Most people know what a haiku is, I guess. It’s a traditional Japanese style of poem in 17 syllables arranged 5-7-5. The subject matter is usually something in nature and there is generally an allusion to the season of the year. Well that’s what the textbooks say. It might be fine to write a 17 syllable poem in Japanese which is a famously concise language, but in English? I’m not so sure we could get away with it. What I think really matters is the spirit of the haiku. It’s a glimpse of something, seen as if for the first time, described with complete clarity. And we know when a haiku works and when it doesn’t.  A good one always gives us that “aha!” feeling with the third line. The writer somehow manages to communicate that sense of wonder and discovery. It represents a pause in the flow of our lives in which we really notice what is happening in the moment. The American “beat” poet Allen Ginsberg described it like this; “The real test of a haiku is that, when you hear one, it creates a little sensation of vast space that is nothing less than the taste of God.”  I love that.

Here’s one by Scottish poet Alan Jackson which says all you need to know about hitch-hiking on the A9 in October:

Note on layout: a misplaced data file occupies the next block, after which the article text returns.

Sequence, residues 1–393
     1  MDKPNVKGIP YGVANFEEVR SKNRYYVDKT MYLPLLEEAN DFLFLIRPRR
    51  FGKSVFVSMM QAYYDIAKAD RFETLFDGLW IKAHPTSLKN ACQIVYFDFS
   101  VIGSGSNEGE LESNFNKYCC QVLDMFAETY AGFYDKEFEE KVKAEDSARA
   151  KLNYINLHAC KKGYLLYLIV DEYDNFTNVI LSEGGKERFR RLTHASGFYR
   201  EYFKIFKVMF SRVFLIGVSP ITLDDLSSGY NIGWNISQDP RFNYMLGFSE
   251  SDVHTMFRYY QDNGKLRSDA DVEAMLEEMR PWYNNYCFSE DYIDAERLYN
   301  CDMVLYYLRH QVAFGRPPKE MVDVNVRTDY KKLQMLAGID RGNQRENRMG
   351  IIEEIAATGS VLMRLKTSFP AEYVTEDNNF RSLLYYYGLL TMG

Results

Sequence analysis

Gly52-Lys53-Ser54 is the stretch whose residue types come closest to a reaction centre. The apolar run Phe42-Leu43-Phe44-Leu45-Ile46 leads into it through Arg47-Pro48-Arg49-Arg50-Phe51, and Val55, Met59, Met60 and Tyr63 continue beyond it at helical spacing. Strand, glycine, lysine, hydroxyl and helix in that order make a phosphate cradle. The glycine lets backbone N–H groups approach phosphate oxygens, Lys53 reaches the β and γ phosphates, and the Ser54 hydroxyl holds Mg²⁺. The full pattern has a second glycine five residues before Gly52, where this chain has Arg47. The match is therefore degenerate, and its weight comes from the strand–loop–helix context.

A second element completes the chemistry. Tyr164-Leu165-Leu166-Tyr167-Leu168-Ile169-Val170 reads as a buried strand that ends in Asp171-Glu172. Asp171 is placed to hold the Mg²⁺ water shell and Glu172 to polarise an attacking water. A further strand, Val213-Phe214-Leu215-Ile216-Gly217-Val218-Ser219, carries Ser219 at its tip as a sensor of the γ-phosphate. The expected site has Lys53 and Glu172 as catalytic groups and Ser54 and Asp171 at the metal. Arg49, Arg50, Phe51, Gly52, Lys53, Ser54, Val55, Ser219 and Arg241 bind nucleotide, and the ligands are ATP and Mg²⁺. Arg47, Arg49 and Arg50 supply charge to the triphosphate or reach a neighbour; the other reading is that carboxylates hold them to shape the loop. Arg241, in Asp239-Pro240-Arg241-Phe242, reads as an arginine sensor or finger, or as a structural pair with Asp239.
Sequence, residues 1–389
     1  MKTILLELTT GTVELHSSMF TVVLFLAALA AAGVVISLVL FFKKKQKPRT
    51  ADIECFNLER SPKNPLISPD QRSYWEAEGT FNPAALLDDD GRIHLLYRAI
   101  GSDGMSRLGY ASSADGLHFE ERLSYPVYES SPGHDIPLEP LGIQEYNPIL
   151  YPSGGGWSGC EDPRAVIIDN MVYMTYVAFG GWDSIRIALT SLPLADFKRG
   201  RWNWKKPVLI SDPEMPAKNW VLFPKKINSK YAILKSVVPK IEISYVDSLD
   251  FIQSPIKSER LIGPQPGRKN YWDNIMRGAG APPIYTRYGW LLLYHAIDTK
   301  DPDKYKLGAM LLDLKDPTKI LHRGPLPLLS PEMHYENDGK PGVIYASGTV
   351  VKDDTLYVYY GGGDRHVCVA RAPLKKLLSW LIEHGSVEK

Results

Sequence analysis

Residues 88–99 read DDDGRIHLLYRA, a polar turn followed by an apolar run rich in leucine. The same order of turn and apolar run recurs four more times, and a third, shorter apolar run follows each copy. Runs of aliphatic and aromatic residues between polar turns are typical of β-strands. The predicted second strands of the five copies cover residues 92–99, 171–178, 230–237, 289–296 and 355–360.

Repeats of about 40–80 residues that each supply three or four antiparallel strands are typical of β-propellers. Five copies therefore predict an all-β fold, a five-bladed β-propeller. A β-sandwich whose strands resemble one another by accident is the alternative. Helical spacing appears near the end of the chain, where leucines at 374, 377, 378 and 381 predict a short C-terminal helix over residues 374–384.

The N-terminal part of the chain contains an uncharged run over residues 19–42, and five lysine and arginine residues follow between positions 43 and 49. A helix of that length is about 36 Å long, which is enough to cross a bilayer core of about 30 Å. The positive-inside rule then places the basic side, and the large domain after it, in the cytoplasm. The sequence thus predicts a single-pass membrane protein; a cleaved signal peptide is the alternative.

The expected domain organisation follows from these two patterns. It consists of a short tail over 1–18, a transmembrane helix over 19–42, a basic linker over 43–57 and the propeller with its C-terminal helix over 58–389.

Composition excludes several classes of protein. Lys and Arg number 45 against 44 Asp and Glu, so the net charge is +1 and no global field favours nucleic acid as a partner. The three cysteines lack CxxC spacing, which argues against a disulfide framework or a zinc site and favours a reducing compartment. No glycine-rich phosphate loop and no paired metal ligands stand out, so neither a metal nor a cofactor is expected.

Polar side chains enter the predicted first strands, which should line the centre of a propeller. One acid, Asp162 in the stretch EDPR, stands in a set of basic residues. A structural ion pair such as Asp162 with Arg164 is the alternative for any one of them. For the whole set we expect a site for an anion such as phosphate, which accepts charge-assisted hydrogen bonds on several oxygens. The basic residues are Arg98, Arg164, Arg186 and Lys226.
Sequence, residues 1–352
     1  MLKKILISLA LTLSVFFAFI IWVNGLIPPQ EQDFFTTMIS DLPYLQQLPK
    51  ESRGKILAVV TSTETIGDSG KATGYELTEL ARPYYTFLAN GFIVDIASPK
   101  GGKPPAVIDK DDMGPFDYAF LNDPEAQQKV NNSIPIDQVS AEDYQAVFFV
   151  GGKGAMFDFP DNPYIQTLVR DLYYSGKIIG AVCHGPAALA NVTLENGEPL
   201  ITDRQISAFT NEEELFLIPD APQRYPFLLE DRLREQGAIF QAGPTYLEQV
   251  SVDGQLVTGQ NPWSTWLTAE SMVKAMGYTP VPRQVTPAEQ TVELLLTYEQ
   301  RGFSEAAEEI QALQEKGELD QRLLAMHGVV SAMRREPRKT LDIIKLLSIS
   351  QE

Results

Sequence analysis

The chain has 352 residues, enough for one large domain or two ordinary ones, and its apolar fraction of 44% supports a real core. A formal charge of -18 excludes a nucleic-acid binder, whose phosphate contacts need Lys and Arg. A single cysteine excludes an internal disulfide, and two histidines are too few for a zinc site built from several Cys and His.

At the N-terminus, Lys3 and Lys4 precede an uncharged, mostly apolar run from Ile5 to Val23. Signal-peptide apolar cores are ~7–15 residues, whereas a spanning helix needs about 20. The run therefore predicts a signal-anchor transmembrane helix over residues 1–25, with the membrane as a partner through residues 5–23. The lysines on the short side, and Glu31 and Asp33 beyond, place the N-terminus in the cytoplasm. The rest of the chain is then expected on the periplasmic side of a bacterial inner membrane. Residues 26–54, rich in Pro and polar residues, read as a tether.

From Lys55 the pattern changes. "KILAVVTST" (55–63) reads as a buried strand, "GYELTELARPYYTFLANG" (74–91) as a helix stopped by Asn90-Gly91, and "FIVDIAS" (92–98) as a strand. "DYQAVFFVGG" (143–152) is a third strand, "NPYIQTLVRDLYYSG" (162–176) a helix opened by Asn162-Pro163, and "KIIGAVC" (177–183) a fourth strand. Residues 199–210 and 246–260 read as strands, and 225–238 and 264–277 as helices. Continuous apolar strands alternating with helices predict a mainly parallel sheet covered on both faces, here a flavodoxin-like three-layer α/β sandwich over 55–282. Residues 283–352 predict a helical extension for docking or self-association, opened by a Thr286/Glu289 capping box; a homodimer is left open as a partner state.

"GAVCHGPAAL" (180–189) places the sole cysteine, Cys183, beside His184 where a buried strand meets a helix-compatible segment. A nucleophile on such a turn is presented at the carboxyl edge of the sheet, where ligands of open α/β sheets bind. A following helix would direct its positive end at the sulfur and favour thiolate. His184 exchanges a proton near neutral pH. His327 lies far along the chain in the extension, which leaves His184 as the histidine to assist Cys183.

Nae hat

An the cauld rain fallin

Dearie me!

What about this from the greatest haiku poet of them all, Bassho:

On a bare branch

A solitary crow –

Autumn evening

Another by Gary Snyder, an American poet, and one of my favourites:

Hammering a dent out of a bucket

a woodpecker

answers from the woods

You get the idea? The world is full (literally full) of haiku moments. So this week go for a walk on your own, notebook in pocket, and write some down. Don’t worry about the quality, just write. If you write enough there will be nuggets of pure gold in your notebook before long.

Haiku awareness is what happens when we approach the world with beginners mind. The details of life become a source of wonder, even the mundane and overlooked. There are just a few guidelines to help you in this task but they are important. 1. Use three lines, each line describing a different aspect of the experience. 2. Don’t use personal pronouns – “I”, “me” “you” and so on. 3. Avoid judging or evaluating anything, just describe the sensory experience as it comes to you. 4. Try to use language that is simple and evokes the experience in as few words as possible.

Haiku awareness is a beautiful way of connecting with the world, especially the natural world. Give it a go. Pick up a notebook and just do it!

Donald MurrayComment